You probably have heard about Cosmic Crisp. It is a new variety of apple that will soon be popping up in just about every major grocery store. At its launch this winter it will ship millions of bushels, and be supported by millions of dollars of advertising. You will be told that it is an improvement on its parent: Honeycrisp.
What you won’t be told is that your local orchard can’t grow it.
Not because it won’t grow in this climate, and not because we wouldn’t like to plant it. The reason we can’t grow it here is that we are legally prevented from planting it. Cosmic Crisp was developed in Washington State, and the fruit growers there have maintained exclusive rights to plant and market Cosmic Crisp. No one outside the state is allowed to grow it.
This is just the latest example of a trend that has been developing over the last decade. You’ve probably heard of Jazz, Kiku, SweeTango, Opal, SnapDragon, or Evercrisp, There are about 30 varieties of apples now that are not freely available for growers to plant. They are protected by “clubs”, patents, marketing arrangements, and other methods designed by lawyers to maintain close ownership of the varieties. As a mid-Atlantic grower, I can buy my way into some of these arrangements if I like, but other clubs are completely closed to me: like Cosmic Crisp. (There is a great article from NPR on this topic here. The situation has only worsened since it was written.)
This close control is intended to ensure quality, limit supply, provide funds for investment in development and marketing, and to provide an aura of exclusivity. But it carries an incredible risk for growers, because of this I am certain: there is not enough shelf space at the grocery to carry all of these varieties, and all of those varieties will be competing against each other.
The number one risk in growing apples is not weather, not disease, not insects, and not labor. The number one long-term risk for apples is price collapse because of lack of demand for the variety. The timeline for apple maturity is so long, the capital establishment expense so high, and the variable cost of production so great that only a high price for a high yield over a long period will justify the planting. Yields and longevity can be managed, but wholesale prices cannot.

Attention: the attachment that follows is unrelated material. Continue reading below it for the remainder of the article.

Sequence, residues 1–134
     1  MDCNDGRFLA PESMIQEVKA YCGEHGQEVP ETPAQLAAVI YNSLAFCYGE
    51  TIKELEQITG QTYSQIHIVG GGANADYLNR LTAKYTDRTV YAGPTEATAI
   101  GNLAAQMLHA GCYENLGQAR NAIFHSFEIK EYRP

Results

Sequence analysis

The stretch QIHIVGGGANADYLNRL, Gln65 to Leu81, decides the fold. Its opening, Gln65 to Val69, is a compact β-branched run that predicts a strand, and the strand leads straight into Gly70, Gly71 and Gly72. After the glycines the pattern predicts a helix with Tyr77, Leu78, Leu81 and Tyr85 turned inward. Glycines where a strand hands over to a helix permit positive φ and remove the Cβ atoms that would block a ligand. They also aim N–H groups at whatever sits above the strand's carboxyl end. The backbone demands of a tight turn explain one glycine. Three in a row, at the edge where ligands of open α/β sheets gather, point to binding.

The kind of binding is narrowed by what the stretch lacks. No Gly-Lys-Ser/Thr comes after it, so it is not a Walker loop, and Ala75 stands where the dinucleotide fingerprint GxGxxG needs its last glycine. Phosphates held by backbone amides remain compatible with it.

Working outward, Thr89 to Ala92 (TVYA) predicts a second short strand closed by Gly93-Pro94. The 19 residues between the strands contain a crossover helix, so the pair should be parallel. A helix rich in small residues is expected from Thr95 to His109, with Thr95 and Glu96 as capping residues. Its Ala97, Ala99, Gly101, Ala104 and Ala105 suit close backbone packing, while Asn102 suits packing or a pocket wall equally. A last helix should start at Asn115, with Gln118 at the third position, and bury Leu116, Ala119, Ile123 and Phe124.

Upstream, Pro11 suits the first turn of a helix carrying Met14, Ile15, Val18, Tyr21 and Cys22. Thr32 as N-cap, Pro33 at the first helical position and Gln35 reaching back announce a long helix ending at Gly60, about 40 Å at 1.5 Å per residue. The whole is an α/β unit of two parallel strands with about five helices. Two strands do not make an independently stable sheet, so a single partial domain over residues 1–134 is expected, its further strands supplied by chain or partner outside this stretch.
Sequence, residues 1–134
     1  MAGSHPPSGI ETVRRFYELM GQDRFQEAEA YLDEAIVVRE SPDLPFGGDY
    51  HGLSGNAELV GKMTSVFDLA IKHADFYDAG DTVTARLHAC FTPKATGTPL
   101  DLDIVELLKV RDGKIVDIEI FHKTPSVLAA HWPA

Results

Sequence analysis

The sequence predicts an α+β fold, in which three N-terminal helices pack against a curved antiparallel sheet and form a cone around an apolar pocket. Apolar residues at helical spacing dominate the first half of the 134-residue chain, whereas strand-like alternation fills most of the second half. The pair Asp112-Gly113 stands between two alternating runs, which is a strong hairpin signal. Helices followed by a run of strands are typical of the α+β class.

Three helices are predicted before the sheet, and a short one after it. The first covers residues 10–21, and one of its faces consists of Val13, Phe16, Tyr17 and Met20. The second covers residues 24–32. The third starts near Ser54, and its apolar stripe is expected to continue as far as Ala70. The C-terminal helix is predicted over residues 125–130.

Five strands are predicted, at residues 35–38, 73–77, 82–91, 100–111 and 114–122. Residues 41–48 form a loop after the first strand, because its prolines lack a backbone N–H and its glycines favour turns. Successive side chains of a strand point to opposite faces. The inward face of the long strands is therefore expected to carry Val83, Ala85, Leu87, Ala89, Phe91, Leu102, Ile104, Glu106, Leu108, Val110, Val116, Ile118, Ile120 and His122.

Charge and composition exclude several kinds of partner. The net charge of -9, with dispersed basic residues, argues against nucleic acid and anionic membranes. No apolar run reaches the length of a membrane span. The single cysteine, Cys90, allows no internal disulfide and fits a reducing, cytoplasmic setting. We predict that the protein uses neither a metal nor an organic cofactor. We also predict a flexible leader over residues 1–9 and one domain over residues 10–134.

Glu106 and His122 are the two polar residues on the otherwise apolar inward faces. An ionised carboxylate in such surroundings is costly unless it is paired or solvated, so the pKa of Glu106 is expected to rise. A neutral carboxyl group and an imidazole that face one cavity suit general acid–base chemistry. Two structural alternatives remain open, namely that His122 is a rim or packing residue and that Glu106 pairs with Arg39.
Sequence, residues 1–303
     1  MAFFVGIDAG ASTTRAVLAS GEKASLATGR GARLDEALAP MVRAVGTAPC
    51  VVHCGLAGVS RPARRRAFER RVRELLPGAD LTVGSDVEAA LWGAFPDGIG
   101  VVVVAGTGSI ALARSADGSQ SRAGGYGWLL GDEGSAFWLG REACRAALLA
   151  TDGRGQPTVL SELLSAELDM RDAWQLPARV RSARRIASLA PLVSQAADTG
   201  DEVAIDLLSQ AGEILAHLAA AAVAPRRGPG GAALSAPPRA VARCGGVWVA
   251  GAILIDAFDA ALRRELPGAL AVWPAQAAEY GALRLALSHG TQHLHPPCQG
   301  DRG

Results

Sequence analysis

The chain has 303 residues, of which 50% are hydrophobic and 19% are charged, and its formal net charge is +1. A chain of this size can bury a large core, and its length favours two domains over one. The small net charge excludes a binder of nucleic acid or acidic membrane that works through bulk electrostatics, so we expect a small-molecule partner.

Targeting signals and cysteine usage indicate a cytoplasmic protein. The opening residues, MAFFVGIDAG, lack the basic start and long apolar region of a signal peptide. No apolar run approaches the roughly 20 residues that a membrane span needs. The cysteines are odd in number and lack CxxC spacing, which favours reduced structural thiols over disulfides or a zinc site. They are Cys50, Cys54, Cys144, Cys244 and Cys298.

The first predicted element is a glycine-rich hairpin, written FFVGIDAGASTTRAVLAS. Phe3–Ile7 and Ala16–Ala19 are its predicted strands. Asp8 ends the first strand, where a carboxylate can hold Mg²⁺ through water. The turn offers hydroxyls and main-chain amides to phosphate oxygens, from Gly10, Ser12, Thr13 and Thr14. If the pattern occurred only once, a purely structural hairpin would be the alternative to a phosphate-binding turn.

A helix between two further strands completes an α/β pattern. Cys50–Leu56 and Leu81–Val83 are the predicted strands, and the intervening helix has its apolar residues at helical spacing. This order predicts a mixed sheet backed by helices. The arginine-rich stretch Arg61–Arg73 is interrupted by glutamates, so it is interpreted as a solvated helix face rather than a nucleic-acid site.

Ironically, the apple suffering the most from this onslaught of new varieties provides a template for how growers should be approaching the future. Red Delicious became popular not because it was the best tasting variety, but because a critical mass of growers in the Northeast got together and decided that the hundreds (literally) of varieties that they were trying to sell could not possibly be managed in the marketplace. Red Delicious was pretty, grew well across climates, and tasted good enough that everybody could make money on it as long as they stuck together.
It won’t take long for everyone (except Washington State) to realize this impending cliff, and the Red Delicious-inspired solution. I suspect that sometime in the near future, the walls will come tumbling down as the marketing czars realize that they don’t have the critical mass to compete with Washington State, which produces most of the apples sold in the US. The supply-side market will determine which new varieties will win. And growers stuck with the wrong varieties may very well end up broke.
As for me, I will grow a few of these new varieties when I can. They ALL taste great, and will be a welcome addition in our farm market to compliment some of the old varieties that continue to stand up well: like Cameo, Stayman, Jonagold, and Macoun.
Just don’t expect to see any Cosmic Crisp.